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Dietary linseed oil supplemented with organic selenium improved the fatty acid nutritional profile, muscular selenium deposition, water retention, and tenderness of fresh pork
- Jiang, Jiang, Tang, Xinyue, Xue, Yan, Lin, Gang, Xiong, Youling L.
- Meat science 2017 v.131 pp. 99-106
- antioxidants, crossbreds, diet, drip loss, enzyme activity, fatty acid composition, food storage, linseed oil, lipid peroxidation, meat tenderness, nutrient content, omega-3 fatty acids, oxidation, oxidative stability, pork, selenium, sodium selenite, soybean oil, soybeans, swine, swine feeding, thiobarbituric acid-reactive substances, water holding capacity, yeasts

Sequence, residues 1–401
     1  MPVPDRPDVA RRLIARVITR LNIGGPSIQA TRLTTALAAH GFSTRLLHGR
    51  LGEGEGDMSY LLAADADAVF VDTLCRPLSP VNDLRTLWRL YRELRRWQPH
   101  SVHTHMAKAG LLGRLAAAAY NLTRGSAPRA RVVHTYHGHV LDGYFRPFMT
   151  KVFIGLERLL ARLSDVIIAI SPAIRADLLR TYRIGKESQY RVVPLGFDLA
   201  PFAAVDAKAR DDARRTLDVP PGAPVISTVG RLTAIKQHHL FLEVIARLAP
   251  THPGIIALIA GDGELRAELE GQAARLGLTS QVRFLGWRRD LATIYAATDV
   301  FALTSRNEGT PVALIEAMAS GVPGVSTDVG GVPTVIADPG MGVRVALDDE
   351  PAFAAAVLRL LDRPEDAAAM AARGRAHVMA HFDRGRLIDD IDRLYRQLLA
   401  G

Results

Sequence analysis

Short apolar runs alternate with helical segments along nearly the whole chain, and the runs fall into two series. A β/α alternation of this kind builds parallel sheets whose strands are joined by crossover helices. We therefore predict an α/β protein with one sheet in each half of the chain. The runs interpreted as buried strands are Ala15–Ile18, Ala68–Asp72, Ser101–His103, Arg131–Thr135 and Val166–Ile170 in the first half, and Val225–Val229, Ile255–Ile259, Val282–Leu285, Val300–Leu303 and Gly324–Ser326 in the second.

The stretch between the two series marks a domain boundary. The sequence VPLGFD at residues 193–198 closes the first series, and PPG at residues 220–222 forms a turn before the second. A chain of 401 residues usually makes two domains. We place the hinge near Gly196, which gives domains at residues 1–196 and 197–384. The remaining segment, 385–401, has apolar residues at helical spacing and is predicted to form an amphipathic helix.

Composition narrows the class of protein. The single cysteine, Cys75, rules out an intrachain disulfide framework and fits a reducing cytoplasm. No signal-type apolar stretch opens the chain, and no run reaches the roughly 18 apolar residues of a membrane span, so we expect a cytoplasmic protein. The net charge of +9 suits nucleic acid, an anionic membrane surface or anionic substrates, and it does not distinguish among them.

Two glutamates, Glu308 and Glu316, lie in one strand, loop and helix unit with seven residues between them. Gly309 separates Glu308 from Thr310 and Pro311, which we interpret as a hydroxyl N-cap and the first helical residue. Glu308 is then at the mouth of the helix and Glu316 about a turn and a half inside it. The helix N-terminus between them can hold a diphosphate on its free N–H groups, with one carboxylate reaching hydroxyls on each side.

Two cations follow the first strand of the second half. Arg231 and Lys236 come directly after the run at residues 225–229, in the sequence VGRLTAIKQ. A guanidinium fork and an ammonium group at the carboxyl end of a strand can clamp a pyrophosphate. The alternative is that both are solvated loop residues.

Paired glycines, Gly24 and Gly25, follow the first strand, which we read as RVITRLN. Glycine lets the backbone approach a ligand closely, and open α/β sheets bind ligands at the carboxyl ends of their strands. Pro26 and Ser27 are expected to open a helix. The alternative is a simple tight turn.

- Cross-bred pigs were fed a control diet (with 0.3ppm sodium selenite and 1.5% soybean oil) or organic selenium diets (0.3ppm Se-Yeast with 1.5% soybean or linseed oil) to investigate nutrient supplement effects on meat quality and oxidative stability. The organic selenium diets increased muscular selenium content up to 54%, and linseed oil increased n-3 fatty acids two-fold while lowering the n-6/n-3 fatty acid ratio from 13.9 to 5.9 over the selenite control diet (P<0.05). Organic selenium yeast treatments with linseed oil reduced pork drip loss by 58–74% when compared with diets with soybean oil. Lightness of fresh pork was slightly less for organic selenium groups than inorganic (P<0.05), but redness was mostly similar. Lipid oxidation (TBARS) and protein oxidation (sulfhydryl) during meat storage (4°C up to 6days) showed no appreciable difference (P>0.05) between diets, in agreement with the lack of notable difference in endogenous antioxidant enzyme activity between these meat groups.